Supporters are communicators
I mean, really, all support staff does is communicate. A good supporter has a strong desire to see other people succeed and needs to maintain a positive attitude even when things aren’t so positive (hint: if someone’s on a support forum, it’s probably because something isn’t going just right). Being social creatures means there’s a great benefit to providing outlets to communicate with each other. In 2011, we had no real “team” atmosphere within the support staff. We communicated a bit on IM or twitter, but only when one of us was stuck on a particular item and needed an extra set of eyes.
This year, we started group meetups. Since the team is all over the world, we have 2 different meetings based on time zones. We started with group Skype chats but have since moved on to Google Hangouts. Quite simply, these are freaking awesome. We talk shop for a bit, but there’s plenty of time to share life and be more than a little silly. Video makes a big difference as well: it really helps you feel connected to the people on your team and also stops folks from multi-tasking (previously a couple of my reps would continue providing support – even while we were on the call). While I’ve never met any of them in real life, I still feel like I have because I see them on a weekly basis.
Lead by example
One of my primary goals in leading the team is to always have its best interest at heart. I support the support staff, so to speak. There are times when members get out of line, upset, and even shockingly rude. Particularly when someone is new to support this can be difficult to handle. I made it clear early on that that sort of behavior is not tolerated. If someone has to come in and lay down the law or be the bad guy, the whole team knows that I will jump in and take action immediately and decisively. Yes, they are all capable of handling a verbally abusive customer and do it with amazing poise, but they do so at their own choice. They know I’m just an IM or email a way and will take action on their behalf.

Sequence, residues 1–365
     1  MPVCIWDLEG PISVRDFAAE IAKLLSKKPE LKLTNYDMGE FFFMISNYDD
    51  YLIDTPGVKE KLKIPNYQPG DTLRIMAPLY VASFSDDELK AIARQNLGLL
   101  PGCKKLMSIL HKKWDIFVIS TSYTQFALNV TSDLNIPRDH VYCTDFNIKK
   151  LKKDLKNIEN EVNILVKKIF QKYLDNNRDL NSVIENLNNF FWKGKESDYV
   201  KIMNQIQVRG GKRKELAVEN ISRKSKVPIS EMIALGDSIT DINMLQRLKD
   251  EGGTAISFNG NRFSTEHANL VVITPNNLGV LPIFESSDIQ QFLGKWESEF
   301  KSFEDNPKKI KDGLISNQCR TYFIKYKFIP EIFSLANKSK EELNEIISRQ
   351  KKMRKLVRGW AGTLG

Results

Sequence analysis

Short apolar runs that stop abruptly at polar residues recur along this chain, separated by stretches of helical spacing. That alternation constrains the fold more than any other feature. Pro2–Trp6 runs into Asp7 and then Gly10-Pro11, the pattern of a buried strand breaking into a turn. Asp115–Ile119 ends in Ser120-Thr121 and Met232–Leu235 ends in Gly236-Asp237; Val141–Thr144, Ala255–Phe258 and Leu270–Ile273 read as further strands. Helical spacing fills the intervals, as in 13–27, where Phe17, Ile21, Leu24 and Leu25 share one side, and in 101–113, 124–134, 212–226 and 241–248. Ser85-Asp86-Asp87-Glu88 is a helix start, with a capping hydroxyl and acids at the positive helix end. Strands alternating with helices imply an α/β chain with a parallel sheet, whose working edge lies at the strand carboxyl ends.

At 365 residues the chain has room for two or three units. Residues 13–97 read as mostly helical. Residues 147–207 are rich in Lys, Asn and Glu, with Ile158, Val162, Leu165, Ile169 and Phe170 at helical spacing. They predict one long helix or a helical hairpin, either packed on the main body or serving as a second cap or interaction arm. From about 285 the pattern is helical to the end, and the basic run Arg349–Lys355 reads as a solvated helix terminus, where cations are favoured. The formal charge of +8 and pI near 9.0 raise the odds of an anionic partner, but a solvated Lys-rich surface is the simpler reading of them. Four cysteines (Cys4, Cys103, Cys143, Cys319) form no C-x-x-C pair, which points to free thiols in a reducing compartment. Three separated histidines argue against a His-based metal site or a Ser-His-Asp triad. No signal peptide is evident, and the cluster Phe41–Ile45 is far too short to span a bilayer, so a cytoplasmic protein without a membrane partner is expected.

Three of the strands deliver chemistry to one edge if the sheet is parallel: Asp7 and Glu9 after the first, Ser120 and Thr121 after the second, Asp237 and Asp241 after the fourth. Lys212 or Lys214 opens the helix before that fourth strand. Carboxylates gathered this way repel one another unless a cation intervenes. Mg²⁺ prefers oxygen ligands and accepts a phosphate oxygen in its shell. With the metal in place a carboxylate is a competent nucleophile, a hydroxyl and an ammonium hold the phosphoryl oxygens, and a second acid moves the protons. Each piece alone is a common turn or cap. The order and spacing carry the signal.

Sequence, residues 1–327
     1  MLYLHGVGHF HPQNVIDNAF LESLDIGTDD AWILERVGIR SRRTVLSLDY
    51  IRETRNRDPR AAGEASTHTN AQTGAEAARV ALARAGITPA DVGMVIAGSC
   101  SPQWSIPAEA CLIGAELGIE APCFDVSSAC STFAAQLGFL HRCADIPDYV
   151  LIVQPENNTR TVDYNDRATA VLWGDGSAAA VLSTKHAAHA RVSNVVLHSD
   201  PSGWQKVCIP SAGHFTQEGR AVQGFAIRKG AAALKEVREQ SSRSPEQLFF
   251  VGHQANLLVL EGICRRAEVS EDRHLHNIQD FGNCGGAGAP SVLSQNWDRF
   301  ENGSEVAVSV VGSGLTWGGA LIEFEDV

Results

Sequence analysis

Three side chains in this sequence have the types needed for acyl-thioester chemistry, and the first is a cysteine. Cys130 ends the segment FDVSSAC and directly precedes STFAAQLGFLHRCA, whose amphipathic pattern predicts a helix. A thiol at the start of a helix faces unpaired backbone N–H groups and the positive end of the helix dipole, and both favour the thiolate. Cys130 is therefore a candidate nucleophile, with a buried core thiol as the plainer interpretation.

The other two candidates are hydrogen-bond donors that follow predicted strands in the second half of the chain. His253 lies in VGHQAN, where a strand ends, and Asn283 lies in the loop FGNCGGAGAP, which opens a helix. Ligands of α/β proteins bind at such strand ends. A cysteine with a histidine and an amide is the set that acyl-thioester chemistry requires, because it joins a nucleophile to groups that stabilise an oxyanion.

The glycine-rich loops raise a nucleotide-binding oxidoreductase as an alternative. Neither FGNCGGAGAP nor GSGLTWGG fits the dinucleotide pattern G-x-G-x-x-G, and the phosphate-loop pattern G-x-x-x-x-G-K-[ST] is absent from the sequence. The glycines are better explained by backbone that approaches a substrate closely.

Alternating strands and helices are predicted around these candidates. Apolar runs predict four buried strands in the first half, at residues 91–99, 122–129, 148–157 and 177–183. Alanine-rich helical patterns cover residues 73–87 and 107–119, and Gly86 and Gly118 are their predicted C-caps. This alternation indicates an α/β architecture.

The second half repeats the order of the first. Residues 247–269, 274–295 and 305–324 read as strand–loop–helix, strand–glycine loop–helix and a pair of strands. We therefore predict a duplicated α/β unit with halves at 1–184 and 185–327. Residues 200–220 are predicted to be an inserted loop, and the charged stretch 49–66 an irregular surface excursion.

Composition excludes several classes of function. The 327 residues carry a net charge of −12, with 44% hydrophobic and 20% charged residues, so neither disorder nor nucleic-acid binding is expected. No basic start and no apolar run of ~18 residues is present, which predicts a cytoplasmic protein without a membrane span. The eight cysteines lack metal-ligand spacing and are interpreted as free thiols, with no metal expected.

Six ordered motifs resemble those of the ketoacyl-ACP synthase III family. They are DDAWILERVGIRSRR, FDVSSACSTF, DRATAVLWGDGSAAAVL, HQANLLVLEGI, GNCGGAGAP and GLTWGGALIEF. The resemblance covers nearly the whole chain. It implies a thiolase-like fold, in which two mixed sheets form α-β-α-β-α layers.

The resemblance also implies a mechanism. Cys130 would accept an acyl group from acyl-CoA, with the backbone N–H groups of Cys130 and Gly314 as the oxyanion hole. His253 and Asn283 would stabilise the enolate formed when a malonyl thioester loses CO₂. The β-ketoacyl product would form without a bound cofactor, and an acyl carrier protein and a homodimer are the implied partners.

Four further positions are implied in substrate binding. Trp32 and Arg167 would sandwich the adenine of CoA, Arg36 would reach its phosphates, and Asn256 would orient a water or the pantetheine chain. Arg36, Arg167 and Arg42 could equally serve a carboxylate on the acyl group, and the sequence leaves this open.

I also support the team by continuing to take on real customer support requests myself. I don’t work “above” the rest of the team but rather, as much as possible, right alongside them. I get stuck on tricky member problems myself and turn to them as a second set of eyes. Working together on problems and verifying results on multiple test installs has proven to be a really fantastic form of team building.
You have to want it
Finally and perhaps most obviously, you have to want to be part of a support team. Last year we didn’t believe it was necessary and didn’t concern ourselves with it. This year we know better. We need an entire team for us to be successful at WPMU DEV and that means taking the initiative to create what could be a very isolated work environment and turn it into a community, team-oriented experience. If you’re not genuinely invested in seeing the team succeed, your crew will know this. Being “pro-teamwork” will lead to a happier, more productive staff, that’s willing to go the extra mile and stick around for longer.
Have you built an online team of folks that have never met in real life? How do you handle your team? What mistakes have you made?